Today is Holocaust Remembrance Day

Dear Christian Leaders,

Today is Holocaust Remembrance Day, or Yom HaShoah in Hebrew, when we remember more than six million European Jews who were murdered by the Nazis and their willing collaborators during World War II simply because they were Jewish.  

At 10:00 AM Israeli time, sirens sound throughout Israel for two minutes in remembrance of those who perished during the Holocaust. When the sirens wail, the entire nation comes to a standstill. All vehicles and pedestrians stop in their tracks and everyone stands in silence for the entire two minutes.


The annihilation of six million men, women and children was the result of a comprehensive plan to identify and exterminate all the Jews of Europe. A number of gruesome methods were used to murder Jews wherever they were found, but the majority of the six million died in an extensive system of concentration and extermination camps.

The most infamous extermination camp was Auschwitz, built by the Nazis in German-occupied Poland near the Polish town of Oswiecim. Auschwitz was designed to implement an efficient system for the mass murder of as many people as possible, as quickly as possible. By 1945, it had become the largest killing center where more than 1.1 million Jews, including more than 200 thousand children, were murdered in gas chambers and cremated in ovens.

The campaign to annihilate the Jews of Europe - also known as the "final solution to the Jewish question" - was designed under the leadership of Adolph Hitler by high-ranking members of the Nazi party who were just as anti-Christian as they were anti-Jewish. However, in spite of that reality, the Holocaust was conceived in a historically Christian nation, and was implemented throughout Christian Europe as Nazi Germany conquered one country after another.  

In light of the fact that great evil was perpetrated in a historically Christian context, there are compelling questions that should challenge us as Christians today. How could such an atrocity take place in countries where the vast majority of the people still identified as Christian? What was the leadership of the Church thinking and doing, and what were individual Christians thinking and doing as they watched their Jewish neighbors persecuted, stripped of their rights, herded into ghettos, and transported to concentration and extermination camps designed to insure that not one of them would survive?

These questions lead us to another, which is: In light of the current world-wide rise in antisemitism and opposition to Israel, what is our responsibility as Christians here and now in relation to the Jewish people and the Jewish State?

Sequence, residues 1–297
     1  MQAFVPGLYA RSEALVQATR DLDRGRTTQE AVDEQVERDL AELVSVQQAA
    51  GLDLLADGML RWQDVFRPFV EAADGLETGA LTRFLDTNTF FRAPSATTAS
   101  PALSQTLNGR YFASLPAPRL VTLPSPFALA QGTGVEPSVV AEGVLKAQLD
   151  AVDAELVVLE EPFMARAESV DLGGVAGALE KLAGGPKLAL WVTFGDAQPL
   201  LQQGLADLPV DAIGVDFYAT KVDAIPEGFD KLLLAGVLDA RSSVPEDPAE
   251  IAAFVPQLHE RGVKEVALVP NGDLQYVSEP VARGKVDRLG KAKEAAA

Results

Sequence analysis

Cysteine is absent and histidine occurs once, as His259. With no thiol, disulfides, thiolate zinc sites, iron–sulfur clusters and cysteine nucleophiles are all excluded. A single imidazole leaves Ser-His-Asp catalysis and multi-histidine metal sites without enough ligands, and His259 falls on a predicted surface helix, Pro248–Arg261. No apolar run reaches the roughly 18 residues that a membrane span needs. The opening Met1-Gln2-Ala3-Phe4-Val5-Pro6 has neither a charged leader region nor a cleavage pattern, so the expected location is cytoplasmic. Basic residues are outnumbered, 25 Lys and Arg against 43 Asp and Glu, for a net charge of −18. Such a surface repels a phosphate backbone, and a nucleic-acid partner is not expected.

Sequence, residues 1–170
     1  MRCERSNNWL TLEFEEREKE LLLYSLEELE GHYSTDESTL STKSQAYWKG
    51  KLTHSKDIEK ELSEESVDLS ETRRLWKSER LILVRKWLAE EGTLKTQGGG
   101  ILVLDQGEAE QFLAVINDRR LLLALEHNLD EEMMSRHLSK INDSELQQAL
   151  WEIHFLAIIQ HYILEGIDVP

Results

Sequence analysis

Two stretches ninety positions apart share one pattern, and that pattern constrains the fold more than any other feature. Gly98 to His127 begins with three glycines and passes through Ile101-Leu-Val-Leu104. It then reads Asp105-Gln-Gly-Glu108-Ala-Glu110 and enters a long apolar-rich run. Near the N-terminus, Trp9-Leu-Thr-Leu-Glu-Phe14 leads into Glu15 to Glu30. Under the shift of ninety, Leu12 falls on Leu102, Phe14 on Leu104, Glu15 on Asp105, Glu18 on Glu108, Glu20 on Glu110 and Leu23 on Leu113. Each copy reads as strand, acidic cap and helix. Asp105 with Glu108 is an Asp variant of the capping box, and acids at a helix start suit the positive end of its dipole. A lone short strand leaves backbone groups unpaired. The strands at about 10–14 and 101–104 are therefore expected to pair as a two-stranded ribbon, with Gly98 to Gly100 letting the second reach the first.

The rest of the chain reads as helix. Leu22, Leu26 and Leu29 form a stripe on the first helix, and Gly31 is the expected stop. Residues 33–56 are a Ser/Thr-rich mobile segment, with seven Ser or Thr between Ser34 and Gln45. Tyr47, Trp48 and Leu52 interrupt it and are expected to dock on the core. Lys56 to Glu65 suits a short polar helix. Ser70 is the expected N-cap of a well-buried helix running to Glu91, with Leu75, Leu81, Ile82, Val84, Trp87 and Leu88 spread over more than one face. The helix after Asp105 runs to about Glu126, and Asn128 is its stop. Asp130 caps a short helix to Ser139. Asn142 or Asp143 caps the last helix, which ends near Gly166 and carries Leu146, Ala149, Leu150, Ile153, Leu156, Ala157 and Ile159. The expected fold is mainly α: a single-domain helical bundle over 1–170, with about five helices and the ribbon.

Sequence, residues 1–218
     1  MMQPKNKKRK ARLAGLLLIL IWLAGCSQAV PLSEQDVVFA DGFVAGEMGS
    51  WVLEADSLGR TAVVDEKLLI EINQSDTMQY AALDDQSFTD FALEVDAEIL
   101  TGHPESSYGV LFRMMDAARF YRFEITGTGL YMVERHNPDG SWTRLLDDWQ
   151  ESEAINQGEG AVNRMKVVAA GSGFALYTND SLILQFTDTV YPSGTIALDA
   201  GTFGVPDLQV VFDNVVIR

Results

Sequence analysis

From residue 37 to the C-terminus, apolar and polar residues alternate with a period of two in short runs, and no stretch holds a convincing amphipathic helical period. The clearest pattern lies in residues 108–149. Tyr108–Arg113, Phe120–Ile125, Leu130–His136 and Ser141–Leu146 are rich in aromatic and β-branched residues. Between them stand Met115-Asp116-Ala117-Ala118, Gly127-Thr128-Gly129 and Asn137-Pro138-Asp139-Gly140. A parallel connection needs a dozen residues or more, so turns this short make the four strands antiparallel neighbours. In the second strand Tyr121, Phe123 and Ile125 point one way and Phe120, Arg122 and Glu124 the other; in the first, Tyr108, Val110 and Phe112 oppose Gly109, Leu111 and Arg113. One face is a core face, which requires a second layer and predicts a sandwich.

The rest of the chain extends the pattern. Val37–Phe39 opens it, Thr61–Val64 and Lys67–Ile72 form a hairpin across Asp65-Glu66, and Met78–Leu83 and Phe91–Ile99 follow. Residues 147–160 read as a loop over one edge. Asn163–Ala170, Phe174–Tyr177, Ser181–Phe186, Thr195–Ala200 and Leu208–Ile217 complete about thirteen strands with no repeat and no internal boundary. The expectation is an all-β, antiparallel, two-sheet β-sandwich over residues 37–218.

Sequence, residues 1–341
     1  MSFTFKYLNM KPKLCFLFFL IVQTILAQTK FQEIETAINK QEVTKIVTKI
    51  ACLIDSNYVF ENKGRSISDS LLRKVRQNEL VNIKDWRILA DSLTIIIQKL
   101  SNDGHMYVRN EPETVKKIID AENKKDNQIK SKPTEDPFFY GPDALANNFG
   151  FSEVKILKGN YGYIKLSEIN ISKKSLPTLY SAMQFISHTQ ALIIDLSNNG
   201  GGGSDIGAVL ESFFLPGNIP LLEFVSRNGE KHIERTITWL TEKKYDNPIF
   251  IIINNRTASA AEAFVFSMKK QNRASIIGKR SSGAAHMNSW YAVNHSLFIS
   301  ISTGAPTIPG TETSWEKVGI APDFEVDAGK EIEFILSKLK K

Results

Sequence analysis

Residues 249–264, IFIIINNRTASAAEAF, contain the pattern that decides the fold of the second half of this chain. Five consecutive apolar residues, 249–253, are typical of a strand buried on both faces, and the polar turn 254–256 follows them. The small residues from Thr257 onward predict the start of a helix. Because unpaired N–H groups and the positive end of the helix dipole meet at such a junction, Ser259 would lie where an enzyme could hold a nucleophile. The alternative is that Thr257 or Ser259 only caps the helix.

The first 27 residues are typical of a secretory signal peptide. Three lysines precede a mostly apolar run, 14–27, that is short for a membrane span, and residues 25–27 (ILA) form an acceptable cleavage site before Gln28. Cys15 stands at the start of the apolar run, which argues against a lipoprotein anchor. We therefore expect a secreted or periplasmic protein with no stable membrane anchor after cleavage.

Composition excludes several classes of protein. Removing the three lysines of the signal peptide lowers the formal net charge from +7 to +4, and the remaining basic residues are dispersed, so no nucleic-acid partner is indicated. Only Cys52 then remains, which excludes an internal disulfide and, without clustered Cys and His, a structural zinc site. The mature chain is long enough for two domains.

Any serious attempt to answer questions concerning how the Holocaust could happen in Christian-majority countries will include at least a survey of the history of Christian antisemitism. Indeed, historic Christian antisemitism and anti-Judaism were major forces behind the active support of the Nazi agenda on the part of Christians and were contributing factors for the vast majority of Christians who did nothing in the face of great evil.

The prevailing lack of opposition to the Holocaust on the part of so many European Christians was identified at the time as the evil it was by Dietrich Bonhoeffer, renowned German theologian and pastor. Bonhoeffer separated from the German Protestant Church, which supported the Nazis' "final solution to the Jewish question," to form the Confessing Church, which unequivocally condemned Hitler's genocidal plan to rid the world of Jews. Before he was executed for his resistance to the Nazi agenda on April 9, 1945, Bonhoeffer wrote:

"Silence in the face of evil is itself evil...not to speak is to speak...not to act is to act."

This definitive statement is at least as relevant today as it was in Bonhoeffer's time. Therefore, on this day in which we remember the more than six million Jews who were murdered simply because they were Jewish, let us respond to the clarion call to speak and act in the face of evil made explicit by Bonhoeffer's stark observation. We must not keep silent and we must not forget the evil that happens when Christians do keep silent!

Indeed, in these times in which we live, we must strengthen our commitment as Christians to oppose antisemitism wherever and however it manifests, combat anti-Zionism in the Church, stand in solidarity with the Jewish people, and support Israel's right to exist in the historic homeland of the Jewish people.